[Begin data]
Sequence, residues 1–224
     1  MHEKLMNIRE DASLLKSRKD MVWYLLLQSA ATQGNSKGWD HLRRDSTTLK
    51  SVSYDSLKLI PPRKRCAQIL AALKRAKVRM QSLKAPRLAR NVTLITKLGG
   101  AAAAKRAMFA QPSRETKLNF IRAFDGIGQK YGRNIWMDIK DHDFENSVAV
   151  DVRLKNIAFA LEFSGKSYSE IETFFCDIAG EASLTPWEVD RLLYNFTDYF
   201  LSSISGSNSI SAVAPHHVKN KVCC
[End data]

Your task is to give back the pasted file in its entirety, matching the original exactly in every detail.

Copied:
Sequence, residues 1–224
     1  MHEKLMNIRE DASLLKSRKD MVWYLLLQSA ATQGNSKGWD HLRRDSTTLK
    51  SVSYDSLKLI PPRKRCAQIL AALKRAKVRM QSLKAPRLAR NVTLITKLGG
   101  AAAAKRAMFA QPSRETKLNF IRAFDGIGQK YGRNIWMDIK DHDFENSVAV
   151  DVRLKNIAFA LEFSGKSYSE IETFFCDIAG EASLTPWEVD RLLYNFTDYF
   201  LSSISGSNSI SAVAPHHVKN KVCC